Lambton County approves more money for cash-strapped research park

With occupancy down and cash running out, Western Sarnia-Lambton Research Park has won more funding from Lambton County council.

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With occupancy down and cash running out, Western Sarnia-Lambton Research Park has won more funding from Lambton County council.

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“We’re very grateful . . . for their continued support,” said park executive director Katherine Albion after council approved $675,000 this week for the County of Lambton Community Development Corp. (CLCDC) that runs the park.

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Park officials, estimating they’d run out of cash in four months, had asked for double that amount.

But council wanted more details of of a plan to boost occupancy to pre-pandemic levels before committing the full amount.

“I need a much better business plan with some more financials in there,” Dawn-Euphemia Township Mayor Al Broad said of the estimated 18- to 36-month plan to get occupancy back up to about 95 per cent.

Recent occupancy has been closer to 66 per cent, after more companies started working from home amid the COVID-19 pandemic, Albion said.

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There are regular inquiries about leasing space, she said. “However we do require time to transition from this inquiry stage to securing these leads as new tenants.”

The park also has been considering converting 50,000 sq. ft. (4,645 sq. m) of vacant office space to lab space.

Lambton recently provided a $640,000 grant to help balance the park’s books, said Larry Palarchio. county finance and facilities general manager.

Expenses at the park are about $5 million, he said, noting Lambton also backs a park mortgage with about $14.8 million remaining, and provides it with a $2-million line of credit.

“Ideally they’d like to look at increased tenant revenue to keep them in a balanced position,” but are seeking help in the interim, he said.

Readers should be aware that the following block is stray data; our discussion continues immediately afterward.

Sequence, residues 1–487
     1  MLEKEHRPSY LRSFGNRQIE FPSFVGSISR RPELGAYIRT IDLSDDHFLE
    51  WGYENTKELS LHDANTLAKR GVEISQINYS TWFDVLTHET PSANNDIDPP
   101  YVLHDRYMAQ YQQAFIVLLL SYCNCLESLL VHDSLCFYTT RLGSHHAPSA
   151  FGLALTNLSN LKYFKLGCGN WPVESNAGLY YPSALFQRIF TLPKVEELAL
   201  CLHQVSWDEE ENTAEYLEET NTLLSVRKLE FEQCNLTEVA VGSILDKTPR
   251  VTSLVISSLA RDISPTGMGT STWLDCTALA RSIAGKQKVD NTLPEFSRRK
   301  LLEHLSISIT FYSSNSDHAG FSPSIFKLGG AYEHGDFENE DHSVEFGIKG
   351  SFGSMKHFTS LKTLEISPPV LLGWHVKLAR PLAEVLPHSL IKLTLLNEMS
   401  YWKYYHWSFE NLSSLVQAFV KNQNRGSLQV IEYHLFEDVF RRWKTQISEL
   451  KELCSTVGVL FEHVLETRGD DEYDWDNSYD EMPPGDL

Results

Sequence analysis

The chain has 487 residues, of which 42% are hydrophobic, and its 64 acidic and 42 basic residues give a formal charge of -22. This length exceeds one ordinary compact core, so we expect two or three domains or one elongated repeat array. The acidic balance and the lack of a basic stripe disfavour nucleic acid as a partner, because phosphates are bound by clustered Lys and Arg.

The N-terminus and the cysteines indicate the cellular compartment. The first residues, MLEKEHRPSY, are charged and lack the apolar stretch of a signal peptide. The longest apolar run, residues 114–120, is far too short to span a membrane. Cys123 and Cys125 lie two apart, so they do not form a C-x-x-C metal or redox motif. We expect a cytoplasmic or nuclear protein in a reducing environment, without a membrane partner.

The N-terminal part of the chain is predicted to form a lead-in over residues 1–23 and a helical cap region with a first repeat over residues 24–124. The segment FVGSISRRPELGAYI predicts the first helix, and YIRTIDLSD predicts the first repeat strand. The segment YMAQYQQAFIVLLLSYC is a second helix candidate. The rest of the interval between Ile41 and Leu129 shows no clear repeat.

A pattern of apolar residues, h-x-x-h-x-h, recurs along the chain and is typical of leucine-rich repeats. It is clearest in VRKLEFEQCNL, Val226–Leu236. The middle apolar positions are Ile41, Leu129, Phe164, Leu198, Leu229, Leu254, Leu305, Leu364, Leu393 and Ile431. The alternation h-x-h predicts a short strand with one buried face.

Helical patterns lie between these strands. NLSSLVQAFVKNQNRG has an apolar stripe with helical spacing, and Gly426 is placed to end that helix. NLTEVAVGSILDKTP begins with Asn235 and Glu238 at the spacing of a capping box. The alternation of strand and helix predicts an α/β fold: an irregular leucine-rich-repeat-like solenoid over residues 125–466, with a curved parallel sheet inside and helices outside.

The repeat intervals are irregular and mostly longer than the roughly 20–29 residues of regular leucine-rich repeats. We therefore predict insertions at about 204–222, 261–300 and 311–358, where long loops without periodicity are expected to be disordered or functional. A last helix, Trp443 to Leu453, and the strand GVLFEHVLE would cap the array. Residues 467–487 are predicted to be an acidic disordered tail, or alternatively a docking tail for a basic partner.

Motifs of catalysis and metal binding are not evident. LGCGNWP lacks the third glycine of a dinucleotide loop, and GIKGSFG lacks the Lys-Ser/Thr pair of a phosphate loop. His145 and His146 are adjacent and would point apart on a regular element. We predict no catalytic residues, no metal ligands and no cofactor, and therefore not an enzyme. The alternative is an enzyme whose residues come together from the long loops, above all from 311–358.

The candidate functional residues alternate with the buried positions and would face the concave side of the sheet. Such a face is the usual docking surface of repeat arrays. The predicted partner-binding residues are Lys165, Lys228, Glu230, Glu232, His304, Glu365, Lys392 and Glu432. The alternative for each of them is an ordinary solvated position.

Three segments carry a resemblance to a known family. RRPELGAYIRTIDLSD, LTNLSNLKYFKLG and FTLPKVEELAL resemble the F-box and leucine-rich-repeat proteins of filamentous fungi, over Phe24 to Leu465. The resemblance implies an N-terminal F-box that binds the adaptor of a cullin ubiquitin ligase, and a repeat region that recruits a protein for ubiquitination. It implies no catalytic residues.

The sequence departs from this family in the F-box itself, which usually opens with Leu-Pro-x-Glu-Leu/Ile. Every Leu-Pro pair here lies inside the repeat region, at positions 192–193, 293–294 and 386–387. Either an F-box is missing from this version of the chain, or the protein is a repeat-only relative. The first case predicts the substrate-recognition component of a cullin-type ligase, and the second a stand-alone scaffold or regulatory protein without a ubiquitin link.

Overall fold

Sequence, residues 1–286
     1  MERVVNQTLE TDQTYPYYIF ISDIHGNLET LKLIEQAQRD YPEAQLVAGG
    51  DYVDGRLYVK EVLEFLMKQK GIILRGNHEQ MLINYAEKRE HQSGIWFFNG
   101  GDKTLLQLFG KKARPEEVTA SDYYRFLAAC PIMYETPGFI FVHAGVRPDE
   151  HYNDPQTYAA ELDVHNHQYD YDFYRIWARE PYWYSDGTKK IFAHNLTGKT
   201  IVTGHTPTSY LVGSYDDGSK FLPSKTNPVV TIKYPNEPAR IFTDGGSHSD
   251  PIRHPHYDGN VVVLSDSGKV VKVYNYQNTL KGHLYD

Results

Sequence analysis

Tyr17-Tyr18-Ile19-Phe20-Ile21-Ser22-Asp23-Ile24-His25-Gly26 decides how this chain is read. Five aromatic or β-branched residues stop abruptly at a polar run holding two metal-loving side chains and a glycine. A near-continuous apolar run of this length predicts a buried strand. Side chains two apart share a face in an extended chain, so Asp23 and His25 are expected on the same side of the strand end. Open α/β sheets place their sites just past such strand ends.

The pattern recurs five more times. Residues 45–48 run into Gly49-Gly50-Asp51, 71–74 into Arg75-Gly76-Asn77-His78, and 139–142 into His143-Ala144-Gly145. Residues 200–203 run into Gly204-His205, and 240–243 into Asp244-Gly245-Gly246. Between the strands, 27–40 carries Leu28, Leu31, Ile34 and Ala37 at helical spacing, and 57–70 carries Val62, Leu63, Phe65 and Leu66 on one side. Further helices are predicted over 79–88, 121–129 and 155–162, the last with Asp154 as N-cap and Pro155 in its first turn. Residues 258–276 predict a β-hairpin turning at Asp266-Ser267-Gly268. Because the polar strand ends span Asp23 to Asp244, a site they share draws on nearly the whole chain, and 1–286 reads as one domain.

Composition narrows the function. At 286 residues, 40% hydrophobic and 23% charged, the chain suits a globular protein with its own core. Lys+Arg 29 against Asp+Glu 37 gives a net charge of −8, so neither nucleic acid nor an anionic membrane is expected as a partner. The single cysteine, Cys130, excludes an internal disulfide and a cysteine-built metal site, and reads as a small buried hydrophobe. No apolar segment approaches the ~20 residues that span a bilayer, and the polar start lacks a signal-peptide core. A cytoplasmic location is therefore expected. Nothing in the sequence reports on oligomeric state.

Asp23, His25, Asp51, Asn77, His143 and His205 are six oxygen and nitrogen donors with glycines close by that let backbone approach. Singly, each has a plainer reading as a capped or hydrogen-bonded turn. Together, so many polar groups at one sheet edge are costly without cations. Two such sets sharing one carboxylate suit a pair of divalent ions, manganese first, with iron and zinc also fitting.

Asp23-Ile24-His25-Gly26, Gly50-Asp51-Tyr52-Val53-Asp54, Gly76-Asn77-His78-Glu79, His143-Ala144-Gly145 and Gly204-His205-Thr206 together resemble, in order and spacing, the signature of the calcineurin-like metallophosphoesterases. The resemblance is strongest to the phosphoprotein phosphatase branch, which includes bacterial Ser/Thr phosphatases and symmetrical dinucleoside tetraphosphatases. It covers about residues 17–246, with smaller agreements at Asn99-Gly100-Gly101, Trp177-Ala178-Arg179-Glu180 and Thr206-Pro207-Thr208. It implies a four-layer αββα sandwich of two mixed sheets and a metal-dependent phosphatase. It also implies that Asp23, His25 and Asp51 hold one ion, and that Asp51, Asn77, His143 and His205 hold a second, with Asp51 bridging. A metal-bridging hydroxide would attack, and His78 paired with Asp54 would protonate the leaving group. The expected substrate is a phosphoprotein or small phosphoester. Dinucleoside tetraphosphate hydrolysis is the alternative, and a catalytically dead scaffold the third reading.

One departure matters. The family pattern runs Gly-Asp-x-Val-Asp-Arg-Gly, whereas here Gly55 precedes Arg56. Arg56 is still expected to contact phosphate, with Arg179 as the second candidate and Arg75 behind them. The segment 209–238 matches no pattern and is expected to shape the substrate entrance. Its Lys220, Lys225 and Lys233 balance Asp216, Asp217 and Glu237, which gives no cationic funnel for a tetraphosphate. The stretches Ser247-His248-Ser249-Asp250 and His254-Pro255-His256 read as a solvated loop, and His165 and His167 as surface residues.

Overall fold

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Plans to increase occupancy include improving marketing, said Derrek Lennox of Kewin Consulting, which was retained to review the park’s finances and prepare a recovery plan.

“Almost all research parks and similar organizations across North America and into Europe have been feeling this lag,” in occupancy with more companies working from home and “the cyclical nature that just goes on,” he said.

Previous marketing methods were stalled during the pandemic.

“Now we have to reinvigorate those,” he said, as the research park also looks into strategic planning.

Plans are to work with the county to “restructure that gap funding that we need, as well as subsequent funding that we may need to get those new tenants in,” he said, adding the park also is seeking grant money.

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Recently a few companies left the research park unexpectedly, while others reduced the space they were leasing, he and Albion said.

“We are entering the growth stage now of our real estate cycle,” Albion said. “So we’ve had a couple of tenants who left the park. The majority of our tenants have renewed, but some have downsized their footprint.”

The park has a strong history over 21 years of helping incubate companies that have gone on to create jobs and industries in Sarnia-Lambton, Albion said.

Community economic development officials spoke about its critical importance for economic development and innovation, as did Lambton College president and CLDLC vice-chair Rob Kardas, noting the college has grown a strong research reputation as a research park partner.

“It was great to see that we can count on your support in the next few months,” he told council.

All but Sarnia Mayor Mike Bradley, and Sarnia councillors Dave Boushy and Bill Dennis voted to  provide a portion of the funding request.

Bradley, research park board chair, argued for county council to take a “leap of faith” and give the organization the full amount and more runway to get on its feet again.

“I think no one is denying the value of it,” he said. “The question is, can we get to a better place in the next nine months.”

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